Rejection: The Hard, Cold Emotion


What Can I Say That Hasn’t Been Said?

It doesn’t take long in the writing business to see what a tsunami of good writers are out there, every one hoping for the same submission approval and/or agent acceptance as I am.

With equal size and volume are the rejections. 

“Thank you for submitting, … ” is the usual opening line of a rejection notice. I see those first four words before I even click open the email. The fifth word is inevitably “however.”

I know what will follow. I know how I’m going to feel.


The key is what happens next?

Dealing With the Aftermath.

The first time I heard her advice, I knew it would work for me.

Kristina McBride, author of books for teens with her fourth book The Bakersville Dozen recently out in August 2017, showed her workshop session a stack of papers, about three inches thick. All held together by a very big, heavy paperclip.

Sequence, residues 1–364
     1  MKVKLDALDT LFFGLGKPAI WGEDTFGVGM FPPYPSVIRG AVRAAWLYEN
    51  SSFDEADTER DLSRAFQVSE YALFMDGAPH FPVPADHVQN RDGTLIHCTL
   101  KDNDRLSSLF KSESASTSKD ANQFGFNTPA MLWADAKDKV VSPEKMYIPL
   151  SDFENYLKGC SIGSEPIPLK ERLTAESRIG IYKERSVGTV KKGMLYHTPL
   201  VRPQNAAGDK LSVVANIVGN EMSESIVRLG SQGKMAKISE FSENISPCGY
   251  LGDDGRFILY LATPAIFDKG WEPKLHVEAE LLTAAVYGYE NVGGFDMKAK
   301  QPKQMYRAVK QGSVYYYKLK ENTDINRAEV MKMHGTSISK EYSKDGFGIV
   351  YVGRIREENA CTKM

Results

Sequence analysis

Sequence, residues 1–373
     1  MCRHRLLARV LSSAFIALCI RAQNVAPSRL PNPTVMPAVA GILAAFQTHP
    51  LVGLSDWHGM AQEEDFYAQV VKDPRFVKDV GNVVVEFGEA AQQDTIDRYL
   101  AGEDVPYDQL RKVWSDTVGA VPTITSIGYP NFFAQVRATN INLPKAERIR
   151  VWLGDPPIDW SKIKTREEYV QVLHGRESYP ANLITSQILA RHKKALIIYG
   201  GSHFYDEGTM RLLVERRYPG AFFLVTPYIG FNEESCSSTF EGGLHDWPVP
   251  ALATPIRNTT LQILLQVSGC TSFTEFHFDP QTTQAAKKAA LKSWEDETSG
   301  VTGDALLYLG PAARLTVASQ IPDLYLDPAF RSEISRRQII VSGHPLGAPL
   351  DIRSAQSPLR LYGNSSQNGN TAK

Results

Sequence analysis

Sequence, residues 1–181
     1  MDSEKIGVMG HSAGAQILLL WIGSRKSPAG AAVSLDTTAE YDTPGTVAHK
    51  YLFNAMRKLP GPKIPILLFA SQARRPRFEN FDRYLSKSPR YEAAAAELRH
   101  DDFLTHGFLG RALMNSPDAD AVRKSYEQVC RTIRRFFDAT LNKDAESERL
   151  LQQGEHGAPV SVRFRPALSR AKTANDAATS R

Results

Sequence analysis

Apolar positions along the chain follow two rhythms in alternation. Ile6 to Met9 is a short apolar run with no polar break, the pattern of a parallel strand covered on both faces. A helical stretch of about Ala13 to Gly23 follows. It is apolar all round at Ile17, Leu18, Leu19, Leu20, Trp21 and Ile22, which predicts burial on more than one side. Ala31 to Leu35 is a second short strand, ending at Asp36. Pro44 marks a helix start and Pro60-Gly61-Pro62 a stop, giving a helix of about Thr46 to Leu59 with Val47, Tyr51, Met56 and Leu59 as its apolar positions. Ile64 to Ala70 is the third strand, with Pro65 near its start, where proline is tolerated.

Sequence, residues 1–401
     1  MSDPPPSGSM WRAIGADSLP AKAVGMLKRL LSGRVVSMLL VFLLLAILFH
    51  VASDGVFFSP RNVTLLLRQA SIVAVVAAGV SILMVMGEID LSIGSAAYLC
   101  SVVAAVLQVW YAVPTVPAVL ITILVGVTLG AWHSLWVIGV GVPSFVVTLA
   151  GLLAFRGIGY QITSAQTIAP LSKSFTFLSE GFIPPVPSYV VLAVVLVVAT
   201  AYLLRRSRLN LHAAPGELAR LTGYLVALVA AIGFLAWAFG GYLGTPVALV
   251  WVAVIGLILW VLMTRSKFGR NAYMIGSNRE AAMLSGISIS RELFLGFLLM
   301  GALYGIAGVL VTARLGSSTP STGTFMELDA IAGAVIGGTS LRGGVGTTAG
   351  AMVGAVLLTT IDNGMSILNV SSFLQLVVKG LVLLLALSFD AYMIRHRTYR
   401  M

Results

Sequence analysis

What were they? The rejection slips for her first novel.

It looked like at least a hundred rejection notices to me.

And what did she do when each one arrived in her mail? She let herself wallow in self pity.

Within a restricted time limit.

After a day or two of “woe is me,” she went back at it again and again and again.

Feel Bad. Then Move On.

When my work gets turned down, I feel awful. I make up reasons why “they’ didn’t accept it. I argue with myself as to why I keep writing.

I move through the rest of the day knowing how subjective the writing world is and allowing myself to feel bad about being rejected by it.

I take it personally. But only for so long.

No later than a day afterward, I am searching through my list of submission sites and agents. I am sending my stories out again.

If I didn’t, how else will someone have the opportunity of accepting my work?

A Side Bar to Rejection.

I don’t always maintain a steady flow of submitting the same story or manuscript, mindless of the rejections.